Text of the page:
Books by Richard Lapchick

Released: Oct. 1, 1999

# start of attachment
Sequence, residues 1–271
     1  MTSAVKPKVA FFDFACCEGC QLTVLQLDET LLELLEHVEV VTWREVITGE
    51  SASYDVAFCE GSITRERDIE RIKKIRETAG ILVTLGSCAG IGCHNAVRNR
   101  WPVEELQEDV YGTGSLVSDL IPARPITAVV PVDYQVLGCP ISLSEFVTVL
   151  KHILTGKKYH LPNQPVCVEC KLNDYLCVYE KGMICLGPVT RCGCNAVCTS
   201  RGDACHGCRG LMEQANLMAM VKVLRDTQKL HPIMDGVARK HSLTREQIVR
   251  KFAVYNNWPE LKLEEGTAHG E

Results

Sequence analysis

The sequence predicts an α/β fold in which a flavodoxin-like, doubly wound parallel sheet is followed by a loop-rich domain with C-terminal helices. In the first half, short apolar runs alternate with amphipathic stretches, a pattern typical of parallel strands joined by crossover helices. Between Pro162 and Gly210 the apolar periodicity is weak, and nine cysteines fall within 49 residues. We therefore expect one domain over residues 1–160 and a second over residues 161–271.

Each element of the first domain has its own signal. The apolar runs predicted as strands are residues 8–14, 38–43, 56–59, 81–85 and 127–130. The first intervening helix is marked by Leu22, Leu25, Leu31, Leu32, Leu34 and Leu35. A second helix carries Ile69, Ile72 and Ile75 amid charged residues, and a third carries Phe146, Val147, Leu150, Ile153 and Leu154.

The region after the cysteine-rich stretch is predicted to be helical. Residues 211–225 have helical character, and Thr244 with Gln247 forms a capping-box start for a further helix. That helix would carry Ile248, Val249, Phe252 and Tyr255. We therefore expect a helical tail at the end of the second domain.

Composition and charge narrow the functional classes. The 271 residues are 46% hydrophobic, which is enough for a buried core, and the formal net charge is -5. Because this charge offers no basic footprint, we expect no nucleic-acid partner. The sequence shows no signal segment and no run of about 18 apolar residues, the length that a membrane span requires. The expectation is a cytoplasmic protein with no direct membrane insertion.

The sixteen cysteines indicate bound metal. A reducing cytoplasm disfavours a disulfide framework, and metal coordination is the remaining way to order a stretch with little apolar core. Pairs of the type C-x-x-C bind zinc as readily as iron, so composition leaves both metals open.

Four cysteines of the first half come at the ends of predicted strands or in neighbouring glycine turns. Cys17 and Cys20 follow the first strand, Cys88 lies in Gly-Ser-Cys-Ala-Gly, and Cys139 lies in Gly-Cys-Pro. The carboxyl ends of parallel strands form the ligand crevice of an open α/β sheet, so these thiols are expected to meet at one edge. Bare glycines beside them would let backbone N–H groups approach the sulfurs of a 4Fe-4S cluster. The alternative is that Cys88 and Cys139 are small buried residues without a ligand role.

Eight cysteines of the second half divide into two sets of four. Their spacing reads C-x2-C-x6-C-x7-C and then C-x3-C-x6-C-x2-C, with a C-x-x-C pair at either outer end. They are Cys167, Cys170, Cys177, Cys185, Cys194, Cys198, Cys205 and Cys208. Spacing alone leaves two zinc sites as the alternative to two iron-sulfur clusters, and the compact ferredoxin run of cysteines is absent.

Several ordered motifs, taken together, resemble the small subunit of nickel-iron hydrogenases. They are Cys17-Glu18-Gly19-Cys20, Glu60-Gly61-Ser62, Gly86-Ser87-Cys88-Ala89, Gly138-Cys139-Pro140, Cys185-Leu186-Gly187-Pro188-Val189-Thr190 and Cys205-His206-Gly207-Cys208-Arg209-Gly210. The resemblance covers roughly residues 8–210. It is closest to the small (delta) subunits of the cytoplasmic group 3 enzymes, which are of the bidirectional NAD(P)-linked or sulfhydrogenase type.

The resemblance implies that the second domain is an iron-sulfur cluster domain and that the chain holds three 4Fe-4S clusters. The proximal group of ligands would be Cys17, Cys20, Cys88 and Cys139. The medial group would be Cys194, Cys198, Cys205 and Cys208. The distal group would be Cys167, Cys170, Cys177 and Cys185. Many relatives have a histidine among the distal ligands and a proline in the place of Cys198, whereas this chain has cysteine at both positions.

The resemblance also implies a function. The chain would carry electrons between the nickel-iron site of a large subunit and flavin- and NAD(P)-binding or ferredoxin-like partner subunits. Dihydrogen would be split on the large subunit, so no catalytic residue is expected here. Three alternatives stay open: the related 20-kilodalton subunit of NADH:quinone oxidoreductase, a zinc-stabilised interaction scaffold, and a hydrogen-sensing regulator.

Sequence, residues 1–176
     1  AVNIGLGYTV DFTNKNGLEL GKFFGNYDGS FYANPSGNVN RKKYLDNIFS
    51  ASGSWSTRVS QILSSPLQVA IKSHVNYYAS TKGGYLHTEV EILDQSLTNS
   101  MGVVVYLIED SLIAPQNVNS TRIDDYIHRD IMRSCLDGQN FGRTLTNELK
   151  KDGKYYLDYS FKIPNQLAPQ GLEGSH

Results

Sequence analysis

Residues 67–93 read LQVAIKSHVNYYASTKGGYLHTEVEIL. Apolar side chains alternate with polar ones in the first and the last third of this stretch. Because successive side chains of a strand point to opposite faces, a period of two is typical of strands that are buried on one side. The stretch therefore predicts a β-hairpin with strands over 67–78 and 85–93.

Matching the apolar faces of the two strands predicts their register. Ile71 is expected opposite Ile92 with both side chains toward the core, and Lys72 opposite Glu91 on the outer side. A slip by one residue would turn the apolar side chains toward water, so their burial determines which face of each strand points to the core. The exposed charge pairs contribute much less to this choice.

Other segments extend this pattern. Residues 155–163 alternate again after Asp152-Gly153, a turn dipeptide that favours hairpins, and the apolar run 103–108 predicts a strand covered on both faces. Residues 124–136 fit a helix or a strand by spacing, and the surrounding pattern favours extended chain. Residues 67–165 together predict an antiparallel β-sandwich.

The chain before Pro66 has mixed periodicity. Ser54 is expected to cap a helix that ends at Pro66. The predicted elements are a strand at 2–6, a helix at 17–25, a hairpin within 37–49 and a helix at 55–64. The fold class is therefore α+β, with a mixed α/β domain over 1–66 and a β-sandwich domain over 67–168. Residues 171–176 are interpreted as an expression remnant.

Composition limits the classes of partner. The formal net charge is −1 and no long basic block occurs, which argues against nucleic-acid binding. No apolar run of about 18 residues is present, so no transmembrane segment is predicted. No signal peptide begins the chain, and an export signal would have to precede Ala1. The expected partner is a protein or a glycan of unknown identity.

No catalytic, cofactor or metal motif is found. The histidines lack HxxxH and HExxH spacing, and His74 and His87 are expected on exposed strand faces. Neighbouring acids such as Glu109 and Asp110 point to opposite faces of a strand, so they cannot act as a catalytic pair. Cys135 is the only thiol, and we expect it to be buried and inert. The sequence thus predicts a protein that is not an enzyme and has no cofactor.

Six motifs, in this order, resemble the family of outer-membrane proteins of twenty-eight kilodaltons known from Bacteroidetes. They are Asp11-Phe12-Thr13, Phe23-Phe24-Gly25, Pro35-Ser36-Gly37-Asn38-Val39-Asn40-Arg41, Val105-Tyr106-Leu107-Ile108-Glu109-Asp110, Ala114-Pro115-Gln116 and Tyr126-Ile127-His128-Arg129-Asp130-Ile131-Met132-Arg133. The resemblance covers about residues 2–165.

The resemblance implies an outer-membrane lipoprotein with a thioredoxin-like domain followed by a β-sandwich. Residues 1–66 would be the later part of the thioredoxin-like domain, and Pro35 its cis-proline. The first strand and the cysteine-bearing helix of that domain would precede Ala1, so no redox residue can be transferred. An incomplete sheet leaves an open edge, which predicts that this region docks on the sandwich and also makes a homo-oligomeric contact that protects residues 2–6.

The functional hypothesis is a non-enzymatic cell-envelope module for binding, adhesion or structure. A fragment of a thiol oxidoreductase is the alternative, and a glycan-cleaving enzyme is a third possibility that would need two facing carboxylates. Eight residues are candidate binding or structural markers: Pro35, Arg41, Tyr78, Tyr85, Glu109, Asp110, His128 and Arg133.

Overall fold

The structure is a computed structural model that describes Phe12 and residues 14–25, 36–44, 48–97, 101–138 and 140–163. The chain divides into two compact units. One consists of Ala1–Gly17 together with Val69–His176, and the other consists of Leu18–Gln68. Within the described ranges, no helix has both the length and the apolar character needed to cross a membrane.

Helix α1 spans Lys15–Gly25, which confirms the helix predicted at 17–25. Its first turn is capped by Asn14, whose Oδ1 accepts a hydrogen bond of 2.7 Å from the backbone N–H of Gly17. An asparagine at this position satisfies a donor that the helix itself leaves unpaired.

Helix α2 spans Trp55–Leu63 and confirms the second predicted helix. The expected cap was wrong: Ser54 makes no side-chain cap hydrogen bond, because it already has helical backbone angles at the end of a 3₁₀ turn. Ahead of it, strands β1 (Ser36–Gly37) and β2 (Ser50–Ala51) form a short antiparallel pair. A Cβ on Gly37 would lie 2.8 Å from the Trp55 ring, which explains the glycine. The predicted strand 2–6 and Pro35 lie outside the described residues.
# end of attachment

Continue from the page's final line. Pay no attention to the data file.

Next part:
The philosophy of one of the top coaches in college football is showcased in this loving, uncontroversial autobiography. Robinson coached football at Grambling University, a traditionally African-American school, for 57 years. At the beginning of his career, colleges—and society—were still segregated, but Robinson handled each obstacle with a grace and determination instilled in him from childhood. This book, which is co-written with Lapchick, a columnist for the Sporting News, doesn—t offer Coach Robinson's play-making techniques or much about the actual events or results of the games. It also skims over any controversy (such as NCAA investigation of violations and possible player criminal activities), focusing instead on Robinson's modest, life-is-good perspective. Major social events, such as the civil rights movement, are presented as background only, since Robinson's life was basically carried out in the community of Grambling. He wasn—t an active or vocal participant in any protest, but rather broke down barriers just by doing his job as best as he could and by instilling his values into his student players ("I learned I could accomplish more by working for change within the system rather than openly fighting against it," he says). College football's integration occurs through social change and through the evolution of television, the opportunities for black colleges to play in the classics, and because of Robinson's ability to turn out talented players, many of whom became successful in the NFL, including Doug Williams, Willie Davis, and Willie Brown. What ultimately comes across in this autobiography are Robinson's basic beliefs: love of family (he is extremely devoted to his wife, Doris), love of country, love of the game, and commitment to responsibility. While one is treated here to Robinson's genial personality, the beloved coach is too humble to dwell on his accomplishments, so readers will have to find other sources to detail Robinson's true significance for the game. (16 pages b&w photos, not seen) (Author tour) Read full book review >